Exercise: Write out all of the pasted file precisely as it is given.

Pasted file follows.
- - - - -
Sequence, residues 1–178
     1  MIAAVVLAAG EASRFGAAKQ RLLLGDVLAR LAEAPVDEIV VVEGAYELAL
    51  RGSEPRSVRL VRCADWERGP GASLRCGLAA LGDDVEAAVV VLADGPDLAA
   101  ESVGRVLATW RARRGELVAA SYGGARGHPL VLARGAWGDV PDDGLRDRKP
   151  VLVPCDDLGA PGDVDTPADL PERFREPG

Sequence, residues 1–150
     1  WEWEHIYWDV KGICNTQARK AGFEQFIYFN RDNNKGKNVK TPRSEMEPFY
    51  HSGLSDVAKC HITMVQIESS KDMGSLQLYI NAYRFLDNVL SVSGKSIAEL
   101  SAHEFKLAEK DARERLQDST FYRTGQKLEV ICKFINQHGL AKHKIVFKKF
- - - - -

Sequence, residues 1–178
     1  MIAAVVLAAG EASRFGAAKQ RLLLGDVLAR LAEAPVDEIV VVEGAYELAL
    51  RGSEPRSVRL VRCADWERGP GASLRCGLAA LGDDVEAAVV VLADGPDLAA
   101  ESVGRVLATW RARRGELVAA SYGGARGHPL VLARGAWGDV PDDGLRDRKP
   151  VLVPCDDLGA PGDVDTPADL PERFREPG

Sequence, residues 1–150
     1  WEWEHIYWDV KGICNTQARK AGFEQFIYFN RDNNKGKNVK TPRSEMEPFY
    51  HSGLSDVAKC HITMVQIESS KDMGSLQLYI NAYRFLDNVL SVSGKSIAEL
   101  SAHEFKLAEK DARERLQDST FYRTGQKLEV ICKFINQHGL AKHKIVFKKF